In 1983, throughout the Caribbean faunal zone as far south as South America and north to the Bahamas, Diadema antillarum underwent mass mortality, with more than 97% of the urchins dying.[3] Since this time some Caribbean reefs have been overgrown by foliose macroalgae. This inhibits coral growth and has further compounded the ongoing decline of scleractinian corals. It also has an overall negative affect on coral reef resilience, which encompasses the ability of a system to resist and recover from changes stemming from perturbation events. Recent studies done in Discovery Bay, Jamaica,[4] and other locations[citation needed] appear to show a massive comeback of Diadema, and great regeneration of the reefs.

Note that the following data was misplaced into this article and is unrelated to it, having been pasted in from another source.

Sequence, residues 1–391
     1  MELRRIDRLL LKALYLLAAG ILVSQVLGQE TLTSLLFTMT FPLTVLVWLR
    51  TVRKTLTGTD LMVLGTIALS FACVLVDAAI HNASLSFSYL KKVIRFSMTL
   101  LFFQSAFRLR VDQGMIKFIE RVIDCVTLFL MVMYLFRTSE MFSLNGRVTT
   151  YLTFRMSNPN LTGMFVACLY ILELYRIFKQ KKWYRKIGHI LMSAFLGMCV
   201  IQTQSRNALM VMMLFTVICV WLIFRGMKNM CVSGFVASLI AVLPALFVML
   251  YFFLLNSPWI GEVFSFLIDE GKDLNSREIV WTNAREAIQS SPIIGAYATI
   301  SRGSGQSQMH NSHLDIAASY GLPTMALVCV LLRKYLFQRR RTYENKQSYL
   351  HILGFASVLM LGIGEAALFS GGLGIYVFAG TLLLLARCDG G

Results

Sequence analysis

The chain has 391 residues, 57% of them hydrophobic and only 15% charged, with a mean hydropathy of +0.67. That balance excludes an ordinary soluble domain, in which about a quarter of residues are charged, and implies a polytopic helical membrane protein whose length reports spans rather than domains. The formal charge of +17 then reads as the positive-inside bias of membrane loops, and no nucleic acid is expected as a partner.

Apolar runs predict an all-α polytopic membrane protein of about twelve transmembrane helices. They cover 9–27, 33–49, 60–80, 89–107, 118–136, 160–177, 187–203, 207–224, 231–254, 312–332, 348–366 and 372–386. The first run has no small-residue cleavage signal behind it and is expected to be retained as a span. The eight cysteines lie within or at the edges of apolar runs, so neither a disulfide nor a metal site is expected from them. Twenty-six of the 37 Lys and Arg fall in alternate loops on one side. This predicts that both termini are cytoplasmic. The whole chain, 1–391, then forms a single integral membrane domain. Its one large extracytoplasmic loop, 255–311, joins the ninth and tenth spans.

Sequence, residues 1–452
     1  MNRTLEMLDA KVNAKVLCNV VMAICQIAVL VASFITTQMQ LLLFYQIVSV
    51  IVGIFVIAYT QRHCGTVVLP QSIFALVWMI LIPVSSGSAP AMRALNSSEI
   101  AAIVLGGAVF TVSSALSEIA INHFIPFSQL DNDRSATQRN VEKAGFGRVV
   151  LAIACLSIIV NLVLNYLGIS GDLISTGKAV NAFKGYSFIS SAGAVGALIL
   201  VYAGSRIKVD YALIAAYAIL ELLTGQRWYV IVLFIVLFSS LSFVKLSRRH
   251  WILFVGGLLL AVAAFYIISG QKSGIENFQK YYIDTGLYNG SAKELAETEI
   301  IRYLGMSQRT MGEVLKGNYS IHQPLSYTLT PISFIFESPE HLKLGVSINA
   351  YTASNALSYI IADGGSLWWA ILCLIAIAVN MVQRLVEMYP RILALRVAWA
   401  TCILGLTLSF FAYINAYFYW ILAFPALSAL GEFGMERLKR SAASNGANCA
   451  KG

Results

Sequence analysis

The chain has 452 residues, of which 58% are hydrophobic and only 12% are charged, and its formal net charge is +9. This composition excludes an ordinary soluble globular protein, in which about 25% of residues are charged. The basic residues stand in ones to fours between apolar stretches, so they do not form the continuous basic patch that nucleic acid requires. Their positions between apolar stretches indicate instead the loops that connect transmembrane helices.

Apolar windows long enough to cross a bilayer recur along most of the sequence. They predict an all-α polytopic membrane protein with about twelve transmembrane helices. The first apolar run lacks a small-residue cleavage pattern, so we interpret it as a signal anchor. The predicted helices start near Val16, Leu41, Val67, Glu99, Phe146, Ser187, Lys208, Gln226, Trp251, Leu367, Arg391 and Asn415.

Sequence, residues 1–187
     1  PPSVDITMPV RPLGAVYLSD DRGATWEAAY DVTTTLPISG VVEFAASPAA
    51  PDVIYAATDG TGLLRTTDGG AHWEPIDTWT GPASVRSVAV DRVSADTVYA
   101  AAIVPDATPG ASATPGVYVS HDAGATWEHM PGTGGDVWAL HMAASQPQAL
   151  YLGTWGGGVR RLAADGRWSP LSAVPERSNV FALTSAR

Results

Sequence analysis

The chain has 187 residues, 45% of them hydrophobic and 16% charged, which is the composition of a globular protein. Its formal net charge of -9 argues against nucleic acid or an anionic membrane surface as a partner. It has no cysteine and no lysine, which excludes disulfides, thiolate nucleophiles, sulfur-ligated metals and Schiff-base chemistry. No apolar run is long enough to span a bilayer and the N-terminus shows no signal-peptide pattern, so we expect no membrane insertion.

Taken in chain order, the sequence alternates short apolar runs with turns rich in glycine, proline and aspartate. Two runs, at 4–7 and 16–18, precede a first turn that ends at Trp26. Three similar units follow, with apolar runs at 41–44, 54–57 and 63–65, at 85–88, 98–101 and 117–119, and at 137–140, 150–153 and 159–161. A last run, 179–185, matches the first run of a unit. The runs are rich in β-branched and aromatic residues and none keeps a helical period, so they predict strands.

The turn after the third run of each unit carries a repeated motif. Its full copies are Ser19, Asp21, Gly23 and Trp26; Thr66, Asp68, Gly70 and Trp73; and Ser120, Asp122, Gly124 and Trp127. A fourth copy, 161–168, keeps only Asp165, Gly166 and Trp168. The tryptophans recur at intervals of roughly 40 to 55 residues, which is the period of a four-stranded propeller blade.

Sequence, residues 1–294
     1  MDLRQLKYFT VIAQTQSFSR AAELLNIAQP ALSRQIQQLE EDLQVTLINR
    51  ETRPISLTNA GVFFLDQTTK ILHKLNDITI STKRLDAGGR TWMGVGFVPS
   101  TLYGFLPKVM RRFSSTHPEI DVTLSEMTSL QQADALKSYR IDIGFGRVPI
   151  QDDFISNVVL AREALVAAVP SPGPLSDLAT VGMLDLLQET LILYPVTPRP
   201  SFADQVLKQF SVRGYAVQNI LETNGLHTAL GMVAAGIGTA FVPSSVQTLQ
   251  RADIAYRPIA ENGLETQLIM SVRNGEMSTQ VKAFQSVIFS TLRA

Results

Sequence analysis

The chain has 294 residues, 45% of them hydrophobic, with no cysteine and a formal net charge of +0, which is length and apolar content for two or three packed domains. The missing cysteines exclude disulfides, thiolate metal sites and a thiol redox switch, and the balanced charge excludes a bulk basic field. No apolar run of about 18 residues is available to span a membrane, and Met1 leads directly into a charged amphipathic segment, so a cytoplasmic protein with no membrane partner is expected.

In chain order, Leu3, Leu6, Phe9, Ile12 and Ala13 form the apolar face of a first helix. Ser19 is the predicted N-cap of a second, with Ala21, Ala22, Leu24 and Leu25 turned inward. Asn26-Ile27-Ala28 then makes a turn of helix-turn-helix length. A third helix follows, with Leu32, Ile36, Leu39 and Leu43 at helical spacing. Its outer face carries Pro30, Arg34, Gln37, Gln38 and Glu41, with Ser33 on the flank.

Human relevance[edit]

When the sea urchins died due to an unknown disease, the biodiversity of the marine life of the coral reefs suffered a great deal. The resulting lush algae growth stunted and even reversed the development of coral, and the fish and other animals living on the reefs declined in numbers due to less food and shelter.

The reduced biodiversity of the coral reefs affected tourism in several small countries, which depended on the natural beauty of their reefs to help attract visitors, and because tourism was a major part of the income for these countries, the decreased flow of guests stressed their economy.